Cerebrovascular system

Arterial supply

The arterial supply of the brain is provided by the internal carotid arteries and the vertebral arteries, which are derivatives of the branches of the aortic arch

Internal carotid arteries (ICA)

Vertebral arteries


Circle of Willis

Most saccular cerebral aneurysms, also known as berry aneurysms, occur in the anterior circulation of the brain, usually at the junction of the anterior cerebral artery and the anterior communicating artery in the circle of Willis. They are the most common cause of nontraumatic subarachnoid hemorrhage.


Cerebral arterial territories

Artery Arterial territory Main Branches Features of stroke

Anterior circulation

Branches of the internal carotid artery

Anterior cerebral artery



Middle cerebral artery


Anterior choroidal artery

Posterior circulation

Branch of the basilar artery

Posterior cerebral artery


  • Posteroinferior cortex
    • Occipital lobes
    • Posteromedial aspect of the temporal lobes
    • Thalamus


Cerebral watershed areas

  • Description: Areas of the brain located at the junction of two nonanastomosing arterial territories, which is most susceptible to ischemia secondary to prolonged hypotension (watershed infarct).
  • Cortical border zones (external)
    • Frontal cortex and paramedian cortex: Between ACA and MCA territories
    • Occipital cortex: Between MCA and PCA territories
  • Subcortical border zones (internal): adjacent to the lateral ventricles
    • Between the lenticulostriate and MCA (i.e., between the branches of the MCA): most common
    • Between the anterior choroidal and MCA or PCA


Venous drainage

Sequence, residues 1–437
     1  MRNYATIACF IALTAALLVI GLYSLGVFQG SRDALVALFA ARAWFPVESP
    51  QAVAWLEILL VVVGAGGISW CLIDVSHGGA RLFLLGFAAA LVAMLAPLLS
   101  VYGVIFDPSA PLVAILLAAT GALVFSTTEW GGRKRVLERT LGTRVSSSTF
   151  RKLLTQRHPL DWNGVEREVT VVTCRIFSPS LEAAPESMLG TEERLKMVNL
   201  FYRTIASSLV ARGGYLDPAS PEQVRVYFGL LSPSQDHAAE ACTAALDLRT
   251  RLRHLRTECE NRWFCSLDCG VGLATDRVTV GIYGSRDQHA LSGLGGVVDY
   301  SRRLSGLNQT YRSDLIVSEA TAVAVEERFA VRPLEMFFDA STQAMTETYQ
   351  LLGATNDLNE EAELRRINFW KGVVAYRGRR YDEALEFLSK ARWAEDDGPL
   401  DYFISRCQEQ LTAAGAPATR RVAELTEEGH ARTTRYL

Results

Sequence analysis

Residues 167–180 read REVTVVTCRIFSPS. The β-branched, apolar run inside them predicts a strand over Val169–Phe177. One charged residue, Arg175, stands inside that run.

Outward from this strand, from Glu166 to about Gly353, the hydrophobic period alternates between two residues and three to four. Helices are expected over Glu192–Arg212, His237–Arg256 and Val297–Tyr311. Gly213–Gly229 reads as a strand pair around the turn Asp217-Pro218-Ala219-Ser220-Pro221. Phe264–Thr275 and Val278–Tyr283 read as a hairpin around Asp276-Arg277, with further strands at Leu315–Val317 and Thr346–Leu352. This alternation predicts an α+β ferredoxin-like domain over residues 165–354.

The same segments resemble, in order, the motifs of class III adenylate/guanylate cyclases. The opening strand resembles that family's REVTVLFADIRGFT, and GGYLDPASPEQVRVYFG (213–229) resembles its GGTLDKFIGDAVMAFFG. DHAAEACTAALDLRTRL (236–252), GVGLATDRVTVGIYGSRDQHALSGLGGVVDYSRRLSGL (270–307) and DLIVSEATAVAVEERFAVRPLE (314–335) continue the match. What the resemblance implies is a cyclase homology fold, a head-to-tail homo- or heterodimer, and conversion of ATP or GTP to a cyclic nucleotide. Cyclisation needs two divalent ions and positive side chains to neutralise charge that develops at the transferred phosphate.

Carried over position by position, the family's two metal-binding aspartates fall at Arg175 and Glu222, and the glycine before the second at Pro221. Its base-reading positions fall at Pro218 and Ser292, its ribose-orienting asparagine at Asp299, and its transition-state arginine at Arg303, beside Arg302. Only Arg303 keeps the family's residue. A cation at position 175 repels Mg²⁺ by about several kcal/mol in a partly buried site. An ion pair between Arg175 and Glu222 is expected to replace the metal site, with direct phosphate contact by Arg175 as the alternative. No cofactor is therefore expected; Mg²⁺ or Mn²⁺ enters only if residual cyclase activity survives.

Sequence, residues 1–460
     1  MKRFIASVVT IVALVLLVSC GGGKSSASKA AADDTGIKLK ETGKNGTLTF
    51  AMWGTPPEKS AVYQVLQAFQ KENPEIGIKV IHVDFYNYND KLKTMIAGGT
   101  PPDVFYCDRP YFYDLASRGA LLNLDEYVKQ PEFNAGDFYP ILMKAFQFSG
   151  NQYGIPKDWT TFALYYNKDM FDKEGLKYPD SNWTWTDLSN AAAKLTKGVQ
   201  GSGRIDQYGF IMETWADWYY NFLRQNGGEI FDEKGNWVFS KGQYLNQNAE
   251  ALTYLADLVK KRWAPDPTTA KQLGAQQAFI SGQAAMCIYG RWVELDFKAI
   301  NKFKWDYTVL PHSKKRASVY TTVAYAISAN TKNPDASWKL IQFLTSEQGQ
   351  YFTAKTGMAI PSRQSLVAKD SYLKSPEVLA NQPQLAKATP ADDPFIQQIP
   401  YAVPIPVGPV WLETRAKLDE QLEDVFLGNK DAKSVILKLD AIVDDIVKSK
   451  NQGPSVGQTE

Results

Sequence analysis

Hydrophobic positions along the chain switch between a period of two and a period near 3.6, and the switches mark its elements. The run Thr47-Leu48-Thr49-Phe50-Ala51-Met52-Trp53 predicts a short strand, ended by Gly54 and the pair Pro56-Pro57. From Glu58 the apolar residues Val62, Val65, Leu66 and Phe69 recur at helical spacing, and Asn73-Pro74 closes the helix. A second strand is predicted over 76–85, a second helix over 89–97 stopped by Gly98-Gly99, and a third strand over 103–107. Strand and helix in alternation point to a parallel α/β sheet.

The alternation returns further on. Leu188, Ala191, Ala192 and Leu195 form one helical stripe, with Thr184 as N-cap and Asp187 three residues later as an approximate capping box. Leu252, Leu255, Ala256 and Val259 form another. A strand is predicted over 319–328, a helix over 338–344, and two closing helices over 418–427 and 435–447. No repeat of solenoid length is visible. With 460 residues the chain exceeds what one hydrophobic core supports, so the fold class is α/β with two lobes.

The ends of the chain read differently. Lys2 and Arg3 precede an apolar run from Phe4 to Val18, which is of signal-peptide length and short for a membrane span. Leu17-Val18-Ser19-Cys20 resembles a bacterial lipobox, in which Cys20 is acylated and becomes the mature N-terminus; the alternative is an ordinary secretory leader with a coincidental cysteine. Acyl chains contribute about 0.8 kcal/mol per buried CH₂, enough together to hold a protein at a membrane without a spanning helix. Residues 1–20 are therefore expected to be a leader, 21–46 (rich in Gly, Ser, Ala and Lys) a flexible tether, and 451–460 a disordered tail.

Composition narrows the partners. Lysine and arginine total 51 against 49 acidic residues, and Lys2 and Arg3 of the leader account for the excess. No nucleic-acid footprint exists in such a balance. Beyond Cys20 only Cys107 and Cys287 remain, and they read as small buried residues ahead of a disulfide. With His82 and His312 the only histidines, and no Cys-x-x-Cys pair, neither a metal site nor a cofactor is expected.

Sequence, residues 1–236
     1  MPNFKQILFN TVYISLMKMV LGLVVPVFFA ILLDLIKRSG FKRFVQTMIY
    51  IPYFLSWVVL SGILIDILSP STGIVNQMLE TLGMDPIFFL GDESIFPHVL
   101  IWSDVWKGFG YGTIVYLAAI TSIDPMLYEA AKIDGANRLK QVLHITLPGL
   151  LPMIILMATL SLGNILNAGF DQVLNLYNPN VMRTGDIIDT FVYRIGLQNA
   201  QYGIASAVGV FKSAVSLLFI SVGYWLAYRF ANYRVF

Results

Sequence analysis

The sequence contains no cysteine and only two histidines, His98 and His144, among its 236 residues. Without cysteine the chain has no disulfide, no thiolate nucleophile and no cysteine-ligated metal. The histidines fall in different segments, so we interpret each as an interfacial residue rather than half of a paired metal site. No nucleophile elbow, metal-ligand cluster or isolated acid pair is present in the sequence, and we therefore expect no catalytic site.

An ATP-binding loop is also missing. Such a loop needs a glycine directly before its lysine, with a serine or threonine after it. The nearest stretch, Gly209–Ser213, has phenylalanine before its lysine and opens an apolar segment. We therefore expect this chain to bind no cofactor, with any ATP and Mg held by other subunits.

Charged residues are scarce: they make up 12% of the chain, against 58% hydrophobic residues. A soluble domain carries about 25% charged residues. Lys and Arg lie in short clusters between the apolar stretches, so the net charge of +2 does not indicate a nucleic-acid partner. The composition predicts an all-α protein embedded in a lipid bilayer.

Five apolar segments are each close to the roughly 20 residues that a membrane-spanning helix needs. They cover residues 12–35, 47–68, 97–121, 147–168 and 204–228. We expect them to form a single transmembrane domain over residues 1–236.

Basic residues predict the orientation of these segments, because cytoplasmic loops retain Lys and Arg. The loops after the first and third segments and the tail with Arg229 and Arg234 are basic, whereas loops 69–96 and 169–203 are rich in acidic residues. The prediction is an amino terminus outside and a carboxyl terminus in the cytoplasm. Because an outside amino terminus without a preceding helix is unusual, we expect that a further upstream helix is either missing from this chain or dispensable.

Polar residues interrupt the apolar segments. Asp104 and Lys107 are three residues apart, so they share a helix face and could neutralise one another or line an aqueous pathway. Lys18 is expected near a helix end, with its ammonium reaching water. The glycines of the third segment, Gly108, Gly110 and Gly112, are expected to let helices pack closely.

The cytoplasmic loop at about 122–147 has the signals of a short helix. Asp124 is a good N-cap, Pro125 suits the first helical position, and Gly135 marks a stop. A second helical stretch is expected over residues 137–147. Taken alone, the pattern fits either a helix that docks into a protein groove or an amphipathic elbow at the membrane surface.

The cerebral hemispheres are drained by superficial and deep cerebral veins, which empty into the dural venous sinuses

Superficial cerebral veins

Superficial veins
Drain the white matter

Bridging vein

Draining venous sinus

Superior cerebral veins

Superior anastomotic vein Superiorsagittal sinus
Middle cerebral veins Inferior anastomotic vein Cavernous sinus
Inferior cerebral veins Cavernous and transverse venous sinuses

Deep cerebral veins

Deep cerebral veins drain the cerebral medulla and drain into the straight sinus.

Dural venous sinuses

Venous sinus Characteristics
Superior sagittal sinus
  • Located at the midline
  • Terminates at the confluence of sinuses
  • Drains blood from cortical veins of the cerebral hemispheres
  • Main location of cerebral fluid return via arachnoid granulations
Inferior sagittal sinus
  • Located at the midline
  • Joined by the great cerebral vein of Galen before draining into the straight sinus
  • Drains blood from the medial surface of the cerebral hemispheres
Straight sinus
  • Located at the midline
  • Terminates at the confluence of sinuses
Occipital sinus
  • Located posteriorly
  • Drains into the confluence of sinuses
Confluence of sinuses
  • Formed by the union of the superior sagittal sinus, straight sinus, and occipital sinus
  • Located posteriorly
  • Drains into left and right transverse sinus

Superior petrosal sinus


  • Located laterally
  • Drains into the transverse sinus
  • Drains blood from the inner ear structures via the labyrinthine vein

Transverse sinus


Inferior petrosal sinus


Sigmoid sinus


  • Located laterally
  • Continuation of transverse sinus that arches downward in an S-shaped groove into the internal jugular vein

Sphenoparietal sinus


  • Located anteriorly
  • Drains into the cavernous sinus

Cavernous sinus


Basilar venous plexus


  • Lies over the basilar part of the occipital bone (the clivus)
  • Connected with the cavernous and petrosal sinuses and the internal vertebral (epidural) venous plexus.

Brain veins run in the subarachnoid space, have no valves to allow bidirectional blood flow, and have no muscular layer in the vessel wall!




Clinical significance